darkosaric Subscriber

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    Well - I was thinking about same thing a while ago: to buy summicron or summitar to put it on zorki4 :smile: :smile: but on the end I emptied my pocked and got leica :smile:
     
  13. pryan9

    pryan9 Member

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  15. John Koehrer

    John Koehrer Subscriber

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    $100 for a finder or wire frame?. I know, the frame is multi-focal length but geez.
     
  16. lxdude

    lxdude Member

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    And the Ikodot is--$100!

    After the Ikodot, $100 for a proper finder doesn't look so shabby.

    My opinion is, just look at the cost of a finder as part of the cost of the lens you wanted.
     
    Last edited by a moderator: Jun 7, 2010
  17. Andrey

    Andrey Member

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    When I look at it like that, I got a pretty crappy deal. :D
     
  18. lxdude

    lxdude Member

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    It's all how you view it! :wink:
     
  19. 6x9

    6x9 Member

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  20. michaelbsc

    michaelbsc Member

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    If you have any place local that still processes film in the disposables, then ask them for a bag of the bodies. Go through the various kinds in the bag looking for the one with the "closest" finder, then mask it to work. Tear the finder out of the cardboard and figure out how to mount it in a tube for your own use.

    Ugly? You bet. Ugly as home made sin. Functional? You bet. Mine works like a champ, but I have a 28mm lens. (On a FED2.)

    Cheap? Well, that all depends on what your time is worth.
     
  21. Andrey

    Andrey Member

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    Do you know of any point and shoots with a 20mm lens?

    The only one I know is vivitar wide and slim.
     
  22. Steve Smith

    Steve Smith Member

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    Most of the single use cameras are fairly wide angle - perhaps around 35mm so you will need a supplementary negative lens on the front to widen the view a bit.

    When I was experimenting with the 65mm lens for my 6x12 camera I initially mounted it on an old 6x6 folder body (without the bellows or door). In order to get the viewfinder to show what the 65mm lens was presenting to the film I just taped a lens element from another viewfinder to the front.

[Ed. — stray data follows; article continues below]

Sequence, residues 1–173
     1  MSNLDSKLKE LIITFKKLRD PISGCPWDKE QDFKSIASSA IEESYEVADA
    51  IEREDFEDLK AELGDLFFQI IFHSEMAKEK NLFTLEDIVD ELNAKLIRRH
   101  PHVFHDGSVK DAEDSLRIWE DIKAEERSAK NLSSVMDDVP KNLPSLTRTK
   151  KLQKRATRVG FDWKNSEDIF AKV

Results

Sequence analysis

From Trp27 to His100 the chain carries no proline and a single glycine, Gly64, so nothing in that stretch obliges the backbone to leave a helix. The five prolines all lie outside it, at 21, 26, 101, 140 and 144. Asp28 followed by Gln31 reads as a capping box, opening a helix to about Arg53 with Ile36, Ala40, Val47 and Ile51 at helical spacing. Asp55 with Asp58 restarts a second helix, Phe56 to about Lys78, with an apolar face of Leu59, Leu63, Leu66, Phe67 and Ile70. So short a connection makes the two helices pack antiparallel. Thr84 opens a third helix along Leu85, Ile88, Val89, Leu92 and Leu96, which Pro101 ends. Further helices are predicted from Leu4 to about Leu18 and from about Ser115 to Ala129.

If you know as much about optical theory as I do (almost none) then there is a lot of trial and error involved. It also helps if you have lots of spare parts from previous camera and lens repair attempts!


    Steve.
     
  23. firecracker

    firecracker Member

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    There was a article on this kind of topic (Cosina's rangefinder "accessory business") by Dante Stella, and I totally agree with what he says.
     
  24. kossi008

    kossi008 Member

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    Well, I partly disagree. While I don't like to put many accessories on my Ikon, I do put up with the 21mm external finder for my Skopar to get... what?

    A non-retrofocus wide angle set-up. And THAT is the one thing that rangefinders do better than SLRs... it might be more clumsy to operate, but in the end it's the image quality that counts.

    And boy did the tiny little Skopar blow both my EF 17-40 L and my EF 20/2.8 into the weeds. To say nothing about the stealth factor... :D
     
  25. firecracker

    firecracker Member

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    I shoot Canon New F-1 with 20mm F2.8 FDn(New FD) lens, and that combination is not compact, but it's still very practical in many ways. I have Leica M3, but I only use one lens that is an old 50mm Summicron because I don't think it's practical to switch a lens which requires an external viewfinder.

    So, I guess we do what we do, and the choices we make are different...
     
  26. kossi008

    kossi008 Member

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    Couldn't have said it better.

    The FD 20/2.8 might even be better than the EF, the latter looks to be a new design, and in the early EOS days, often those redesigns were not made to improve the optics but to accomodate the AF...